Secondary students will have staggered returns to school after the Christmas break as covid testing takes place.
Secondary-age pupils are being prioritised for testing in response to the recent high rates of coronavirus (COVID-19) infection.
Primary school pupils will return as normal in January and the measures do not apply to early years providers.
All schools with secondary-age pupils, including special schools and alternative provision, will be offered the opportunity to test students, from the week of January 4.
In these schools with secondary-age pupils, vulnerable children, the children of critical workers and pupils in exam year groups (primarily years 11 and 13) are expected to return to school on the advertised first day of term and should be prioritised for testing.
All other pupils must be provided with remote education until January 11 when they will resume face-to-face attendance. Pupils will not need to have had a test in order to return to school on January 11.
The government says: “Our approach is intended to minimise the impacts of coronavirus (COVID-19) in education beyond the start of term and to support all pupils attending education. Being in education is vital for children’s development and wellbeing.
“Time spent out of settings is detrimental to children’s learning, development and wellbeing, particularly for disadvantaged children. That is why, beyond this exceptional period, it continues to be our aim that all pupils, in all year groups, attend school full-time.”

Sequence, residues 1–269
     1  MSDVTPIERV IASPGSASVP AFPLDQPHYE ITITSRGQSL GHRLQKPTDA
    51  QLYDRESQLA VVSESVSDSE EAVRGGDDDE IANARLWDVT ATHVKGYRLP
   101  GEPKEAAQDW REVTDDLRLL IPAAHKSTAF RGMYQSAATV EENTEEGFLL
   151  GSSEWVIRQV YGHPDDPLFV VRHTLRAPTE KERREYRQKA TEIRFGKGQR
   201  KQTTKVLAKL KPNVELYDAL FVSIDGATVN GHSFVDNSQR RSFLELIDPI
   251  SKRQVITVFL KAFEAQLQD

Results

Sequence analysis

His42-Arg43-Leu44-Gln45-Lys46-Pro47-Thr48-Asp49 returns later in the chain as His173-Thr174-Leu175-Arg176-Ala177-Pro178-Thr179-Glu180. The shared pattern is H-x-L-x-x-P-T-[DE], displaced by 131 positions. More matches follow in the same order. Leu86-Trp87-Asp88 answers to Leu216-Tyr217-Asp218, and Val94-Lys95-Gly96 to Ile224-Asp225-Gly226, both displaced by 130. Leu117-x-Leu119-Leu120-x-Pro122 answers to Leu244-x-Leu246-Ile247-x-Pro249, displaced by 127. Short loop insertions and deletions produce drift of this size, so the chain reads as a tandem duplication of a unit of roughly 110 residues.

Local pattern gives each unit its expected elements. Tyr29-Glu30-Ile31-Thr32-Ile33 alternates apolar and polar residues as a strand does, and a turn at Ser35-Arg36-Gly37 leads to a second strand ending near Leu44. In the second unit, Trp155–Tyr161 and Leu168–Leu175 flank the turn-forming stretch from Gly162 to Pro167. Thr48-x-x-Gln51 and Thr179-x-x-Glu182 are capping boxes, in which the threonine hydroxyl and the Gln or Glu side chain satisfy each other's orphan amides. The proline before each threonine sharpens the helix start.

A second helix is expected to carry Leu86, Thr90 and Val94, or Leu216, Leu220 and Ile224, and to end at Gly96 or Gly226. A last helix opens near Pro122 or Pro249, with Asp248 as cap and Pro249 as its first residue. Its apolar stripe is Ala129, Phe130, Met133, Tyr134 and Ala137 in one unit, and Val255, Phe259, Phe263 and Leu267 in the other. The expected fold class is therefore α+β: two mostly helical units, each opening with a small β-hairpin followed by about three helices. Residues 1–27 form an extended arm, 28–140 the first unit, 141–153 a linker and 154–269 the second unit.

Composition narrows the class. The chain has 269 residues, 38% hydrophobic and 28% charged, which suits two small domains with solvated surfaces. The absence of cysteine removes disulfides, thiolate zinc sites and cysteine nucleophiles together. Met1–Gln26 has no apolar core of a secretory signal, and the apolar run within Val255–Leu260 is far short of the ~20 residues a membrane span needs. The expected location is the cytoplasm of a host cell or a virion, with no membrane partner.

Parents and carers can continue to access early years settings as normal from January 2021.
Primary schools should resume on-site provision as planned from their advertised first day of term and allow all pupils to attend as they have since the start of the school year.
Schools with secondary-age pupils
Schools with secondary-age pupils are encouraged to prepare for a phased start back to planned on-site provision in the first week of term to allow for these pupils to be tested ahead of normal schooling resuming.
This should involve:
- full-time on-site provision from the first day of term for all vulnerable children, the children of critical workers and pupils in exam year groups (primarily years 11 and 13)
- as many secondary-age pupils and staff as possible being offered 2 lateral flow device tests, starting in the week commencing 4 January, prioritising staff, vulnerable children, the children of critical workers and pupils in years 11 and 13
- remote education being provided for all other pupils when they are at home, and in line with local tier restrictions
- all pupils back in school for face-to-face education on 11 January
Vulnerable children and young people include those who:
- are assessed as being in need under section 17 of the Children Act 1989, including children and young people who have a child in need plan, a child protection plan or who are a looked-after child
- have an education, health and care (EHC) plan
- have been identified as otherwise vulnerable by educational providers or local authorities (including children’s social care services), and who could therefore benefit from continued full-time attendance, this might include:
- children and young people on the edge of receiving support from children’s social care services or in the process of being referred to children’s services
- adopted children or children on a special guardianship order
- those at risk of becoming NEET (‘not in employment, education or training’)
- those living in temporary accommodation
- those who are young carers
- those who may have difficulty engaging with remote education at home (for example, due to a lack of devices or quiet space to study)
- care leavers
- other children and young people at the provider and local authority’s discretion including pupils who need to attend to receive support or manage risks to their mental health